September 29 9:00am - 3:00pm
Hyatt Regency Milwaukee
$99 general public / $35 undergrads
The WLI 2017 National Conference is located inside the Hyatt Regency Milwaukee. For your convenience, we have secured a block rate for king and double queen rooms at the Hyatt Regency Milwaukee. Book your room(s) early to ensure you are included in this block rate. Rooms are $119.00 a night, $20.00 for each additional person per room. Included with reservation is one breakfast voucher for each paid guest to be used in the Bistro 333 in the lobby. Hotel guests will be responsible for parking fees. The cutoff date for reserving a block rate room is August 29, 2017.
Hyatt Regency Milwaukee
333 West Kilbourn Avenue
Milwaukee, Wisconsin, USA, 53203
Designed for both men and women Christian professionals and college students, the Pressure Points event will tackle four topics where workplace expectations and responsibilities can create pressure points. Four experienced speakers will share their personal journeys of being a Christian professional in corporate and public life and share tips for navigating the grey areas when Christian values and workplace expectations don’t always reconcile. Each topic will be followed by reflection time, interactive table discussions with like-minded professionals, and online discussion boards for further connection and engagement.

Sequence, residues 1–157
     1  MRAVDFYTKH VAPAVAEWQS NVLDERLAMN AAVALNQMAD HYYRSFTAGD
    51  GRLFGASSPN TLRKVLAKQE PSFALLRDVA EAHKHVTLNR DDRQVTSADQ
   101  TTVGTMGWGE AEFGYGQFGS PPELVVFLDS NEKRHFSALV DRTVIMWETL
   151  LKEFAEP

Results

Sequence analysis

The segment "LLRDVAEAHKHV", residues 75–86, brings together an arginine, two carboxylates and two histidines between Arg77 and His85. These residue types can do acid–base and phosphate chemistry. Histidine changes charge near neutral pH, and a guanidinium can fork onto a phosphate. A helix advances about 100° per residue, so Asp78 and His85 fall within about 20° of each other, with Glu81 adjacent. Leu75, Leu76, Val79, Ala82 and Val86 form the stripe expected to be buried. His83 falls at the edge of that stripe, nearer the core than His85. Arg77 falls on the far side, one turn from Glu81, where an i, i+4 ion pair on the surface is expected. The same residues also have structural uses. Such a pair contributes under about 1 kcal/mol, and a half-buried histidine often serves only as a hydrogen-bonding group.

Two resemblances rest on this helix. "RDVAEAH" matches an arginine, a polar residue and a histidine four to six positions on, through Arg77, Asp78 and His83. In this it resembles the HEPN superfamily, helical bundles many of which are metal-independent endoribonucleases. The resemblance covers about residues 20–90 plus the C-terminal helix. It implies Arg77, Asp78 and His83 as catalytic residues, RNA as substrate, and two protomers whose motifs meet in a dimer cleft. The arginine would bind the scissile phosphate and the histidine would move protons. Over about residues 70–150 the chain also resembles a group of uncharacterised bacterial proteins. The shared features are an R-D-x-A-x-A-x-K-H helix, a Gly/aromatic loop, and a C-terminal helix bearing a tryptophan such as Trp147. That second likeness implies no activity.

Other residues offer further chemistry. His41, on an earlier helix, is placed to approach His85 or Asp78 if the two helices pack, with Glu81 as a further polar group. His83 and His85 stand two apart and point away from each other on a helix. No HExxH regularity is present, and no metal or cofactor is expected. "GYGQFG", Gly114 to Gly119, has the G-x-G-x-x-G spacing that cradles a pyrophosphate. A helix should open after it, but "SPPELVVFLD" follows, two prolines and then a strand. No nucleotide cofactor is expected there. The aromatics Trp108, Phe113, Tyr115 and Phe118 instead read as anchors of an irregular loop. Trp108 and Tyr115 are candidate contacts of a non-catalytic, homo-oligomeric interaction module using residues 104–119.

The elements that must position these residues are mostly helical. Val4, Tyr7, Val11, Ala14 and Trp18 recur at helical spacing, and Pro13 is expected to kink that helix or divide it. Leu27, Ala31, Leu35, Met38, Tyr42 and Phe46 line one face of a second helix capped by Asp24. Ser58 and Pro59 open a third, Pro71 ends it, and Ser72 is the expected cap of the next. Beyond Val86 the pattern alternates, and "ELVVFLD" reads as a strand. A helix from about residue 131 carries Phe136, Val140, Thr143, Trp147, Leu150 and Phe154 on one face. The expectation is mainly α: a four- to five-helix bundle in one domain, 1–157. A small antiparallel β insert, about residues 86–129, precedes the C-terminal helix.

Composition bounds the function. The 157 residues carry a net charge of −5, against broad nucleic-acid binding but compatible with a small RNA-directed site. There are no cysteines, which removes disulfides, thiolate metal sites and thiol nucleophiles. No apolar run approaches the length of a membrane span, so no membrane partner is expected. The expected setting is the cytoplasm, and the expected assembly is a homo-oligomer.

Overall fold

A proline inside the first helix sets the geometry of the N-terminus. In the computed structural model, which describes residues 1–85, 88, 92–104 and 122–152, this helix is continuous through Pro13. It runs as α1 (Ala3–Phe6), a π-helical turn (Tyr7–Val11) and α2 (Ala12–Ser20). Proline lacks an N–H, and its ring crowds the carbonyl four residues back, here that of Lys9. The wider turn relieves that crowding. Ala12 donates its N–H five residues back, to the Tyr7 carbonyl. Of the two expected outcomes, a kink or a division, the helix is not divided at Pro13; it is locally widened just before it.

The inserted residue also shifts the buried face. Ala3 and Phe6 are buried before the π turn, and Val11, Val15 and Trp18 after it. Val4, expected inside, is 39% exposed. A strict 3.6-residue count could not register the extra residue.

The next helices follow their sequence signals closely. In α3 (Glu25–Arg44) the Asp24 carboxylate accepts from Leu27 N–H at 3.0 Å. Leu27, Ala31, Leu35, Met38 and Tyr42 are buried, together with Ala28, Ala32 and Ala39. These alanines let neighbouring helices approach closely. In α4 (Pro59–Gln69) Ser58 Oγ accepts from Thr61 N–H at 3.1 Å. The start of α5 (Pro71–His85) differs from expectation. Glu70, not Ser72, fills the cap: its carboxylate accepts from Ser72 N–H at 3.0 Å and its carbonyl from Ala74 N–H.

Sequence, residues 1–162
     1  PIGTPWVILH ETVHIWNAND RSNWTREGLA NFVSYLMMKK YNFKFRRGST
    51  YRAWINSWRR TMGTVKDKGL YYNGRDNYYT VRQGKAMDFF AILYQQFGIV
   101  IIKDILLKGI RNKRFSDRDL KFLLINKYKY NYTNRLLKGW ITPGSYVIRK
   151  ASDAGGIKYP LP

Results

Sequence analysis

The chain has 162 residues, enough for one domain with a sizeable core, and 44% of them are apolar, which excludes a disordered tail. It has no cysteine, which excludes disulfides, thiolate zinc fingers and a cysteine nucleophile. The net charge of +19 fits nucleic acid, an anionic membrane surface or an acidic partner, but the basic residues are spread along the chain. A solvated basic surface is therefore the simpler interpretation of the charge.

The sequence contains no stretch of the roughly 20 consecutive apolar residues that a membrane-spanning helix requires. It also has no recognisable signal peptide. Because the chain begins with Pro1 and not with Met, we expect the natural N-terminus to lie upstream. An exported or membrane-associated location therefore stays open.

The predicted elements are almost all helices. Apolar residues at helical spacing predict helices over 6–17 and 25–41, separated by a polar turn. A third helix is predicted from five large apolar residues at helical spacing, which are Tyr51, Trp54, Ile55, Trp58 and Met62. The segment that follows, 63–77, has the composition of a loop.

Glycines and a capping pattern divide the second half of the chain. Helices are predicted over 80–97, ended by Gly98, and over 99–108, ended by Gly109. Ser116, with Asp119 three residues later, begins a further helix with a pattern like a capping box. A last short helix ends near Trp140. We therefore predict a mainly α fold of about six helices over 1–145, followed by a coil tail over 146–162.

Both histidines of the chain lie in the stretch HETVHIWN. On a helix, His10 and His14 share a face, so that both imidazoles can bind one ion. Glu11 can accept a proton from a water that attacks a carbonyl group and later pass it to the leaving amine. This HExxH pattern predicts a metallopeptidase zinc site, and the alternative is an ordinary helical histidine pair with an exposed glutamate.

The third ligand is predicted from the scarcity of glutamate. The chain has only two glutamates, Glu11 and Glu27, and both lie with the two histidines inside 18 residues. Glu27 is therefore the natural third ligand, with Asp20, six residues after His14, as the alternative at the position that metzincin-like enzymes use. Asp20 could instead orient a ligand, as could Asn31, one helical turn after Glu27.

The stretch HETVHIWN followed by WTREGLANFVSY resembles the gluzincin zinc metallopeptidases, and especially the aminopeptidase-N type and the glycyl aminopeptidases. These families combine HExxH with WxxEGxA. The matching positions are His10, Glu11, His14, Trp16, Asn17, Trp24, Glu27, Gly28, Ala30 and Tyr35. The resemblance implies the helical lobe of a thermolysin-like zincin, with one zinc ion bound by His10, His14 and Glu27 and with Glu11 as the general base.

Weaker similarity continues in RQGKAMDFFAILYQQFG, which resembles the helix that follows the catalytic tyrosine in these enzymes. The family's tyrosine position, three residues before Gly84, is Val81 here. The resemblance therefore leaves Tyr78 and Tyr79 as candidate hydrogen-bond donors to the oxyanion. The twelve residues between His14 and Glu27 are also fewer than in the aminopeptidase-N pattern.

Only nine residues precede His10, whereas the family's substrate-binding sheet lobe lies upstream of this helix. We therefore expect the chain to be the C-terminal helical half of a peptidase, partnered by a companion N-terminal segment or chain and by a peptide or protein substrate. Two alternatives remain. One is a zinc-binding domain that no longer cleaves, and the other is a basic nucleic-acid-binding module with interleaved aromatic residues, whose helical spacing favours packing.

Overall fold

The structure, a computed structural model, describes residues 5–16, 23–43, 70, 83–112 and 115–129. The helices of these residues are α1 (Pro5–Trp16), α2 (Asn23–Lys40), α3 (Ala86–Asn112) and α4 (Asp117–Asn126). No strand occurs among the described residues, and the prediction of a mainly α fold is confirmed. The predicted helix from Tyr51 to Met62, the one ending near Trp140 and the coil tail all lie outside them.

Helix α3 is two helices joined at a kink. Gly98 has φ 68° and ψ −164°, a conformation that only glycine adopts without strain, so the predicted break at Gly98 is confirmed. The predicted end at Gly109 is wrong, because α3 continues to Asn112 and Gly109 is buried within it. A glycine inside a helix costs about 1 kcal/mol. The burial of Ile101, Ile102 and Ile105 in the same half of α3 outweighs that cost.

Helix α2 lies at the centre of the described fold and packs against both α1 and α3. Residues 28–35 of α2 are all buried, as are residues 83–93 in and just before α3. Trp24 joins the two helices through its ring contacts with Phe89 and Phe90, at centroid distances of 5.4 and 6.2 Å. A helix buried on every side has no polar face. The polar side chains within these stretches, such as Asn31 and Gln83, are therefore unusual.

Participants will also receive lunch and refreshments and have to walk through our exhibitor tables and connect with other organizations that support Christian professionals in the workplace. This will be an event you do not want to miss! Click through to see the schedule, speaker bios and topic descriptions.
- Christian business leaders share how to lead and influence in the secular workplace
- 4 Ted Talk-style presentations with small and large group discussion